SAN FRANCISCO, CA USA (UroToday.com) - Dr. H. Barton Grossman opened his review by acknowledging that considerable progress has been made in understanding, diagnosing, and treating urothelial cancer over the past 10 years.
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Although bacillus Calmette–Guérin (BCG) immunotherapy and the combination chemotherapy regimen of methotrexate, vinblastine, doxorubicin and cisplatin (M-VAC) was introduced in late 70s and 80s, respectively, recent efforts have significantly enhanced the applicability of these important discoveries to the clinic and have resulted in other advances that have improved patient care and provided the groundwork for future progress. He mentioned that over the last decade, we learned that micropapillary and small-cell bladder cancer need aggressive treatment. Kamat and colleagues from MD Anderson Cancer Center showed that bladder-preserving therapy for micropapillary cancer often has a poor outcome, and Siefker-Radtke and colleagues found that neoadjuvant chemotherapy and cystectomy can provide effective treatment for small-cell bladder cancer.
In regards to diagnostic imaging, there has been continuous improvement in endoscopic evaluation of the urothelium with widespread use of cameras and use of high-definition videos. There have also been more improvements in detecting bladder cancer through fluorescence cystoscopy and narrow-band imaging. Although endoscopic evaluation of the upper tract has always been more difficult than the bladder, new approaches such as endoluminal ultrasound are being studied to see if this will provide additional accuracy to supplement endoscopy.
He further went on reviewing the intravesical immunotherapy and chemotherapy for management of bladder cancer. He showed evidence that it is important to know that those patients who experience short-term treatment failure with BCG are at high risk and should promptly receive alternate treatment. Intravesical chemotherapy is often administered on a 6-week schedule, but it is also more effective with maintenance. Single-dose intravesical chemotherapy immediately after resection is recommended for decreasing recurrence in patients who have papillary appearing tumors at the time of cystoscopy and transurethral resection of bladder tumor. Use of MVAC neoadjuvant chemotherapy has been shown by randomized and institutional series that it lowers clinical stage. Because of the toxicity of M-VAC, the combination of gemcitabine and cisplatin (GC) was developed, in 2000, as a less toxic alternative, and more recently, high-dose intensity MVAC or GC regiments have been studied and results are satisfactory.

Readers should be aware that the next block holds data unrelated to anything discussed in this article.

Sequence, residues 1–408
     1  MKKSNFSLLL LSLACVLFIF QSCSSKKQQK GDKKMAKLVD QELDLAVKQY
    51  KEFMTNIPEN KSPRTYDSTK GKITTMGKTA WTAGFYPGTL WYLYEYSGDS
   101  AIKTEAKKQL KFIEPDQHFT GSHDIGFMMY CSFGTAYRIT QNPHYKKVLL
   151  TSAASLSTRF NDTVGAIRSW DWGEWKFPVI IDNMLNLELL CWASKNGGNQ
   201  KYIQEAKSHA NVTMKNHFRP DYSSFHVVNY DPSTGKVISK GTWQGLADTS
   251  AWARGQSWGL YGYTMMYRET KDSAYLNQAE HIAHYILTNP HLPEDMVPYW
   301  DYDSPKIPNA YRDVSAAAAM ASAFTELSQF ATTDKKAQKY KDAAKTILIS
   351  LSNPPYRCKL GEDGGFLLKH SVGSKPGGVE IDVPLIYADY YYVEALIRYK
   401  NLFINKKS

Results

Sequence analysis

Regarding changes and advancement in surgery, now we know that extended pelvic lymph node dissection provides benefit, and minimally invasive surgery (e.g., robotic assisted laparoscopy approach) can be performed with similar rate of complication as open approach. He presented the data from the International Robotic Cystectomy Consortium on 939 cystectomies from 16 institutions. Data showed ~9% rate of positive margins and a roughly 20% 90-day readmission rate. At last he talked about advancement in “personalized medicine” in bladder cancer. Coexpression extrapolation (COXEN) analysis is an approach to predict individualized chemotherapeutic outcomes and whole-genome sequencing in predicting outcome in bladder cancer patients after targeted therapy. Dr. Grossman concluded his presentation by saying perhaps in the next decade we will translate these into a layout that allows us to provide heightened care based on the unique characteristics of each individual patient.
Highlights of a presentation by H. Barton Grossman, MD at the 2014 Genitourinary Cancers Symposium - January 30 - February 1, 2014 - San Francisco Marriott Marquis - San Francisco, California USA
The University of Texas MD Anderson Cancer Center, Houston, TX USA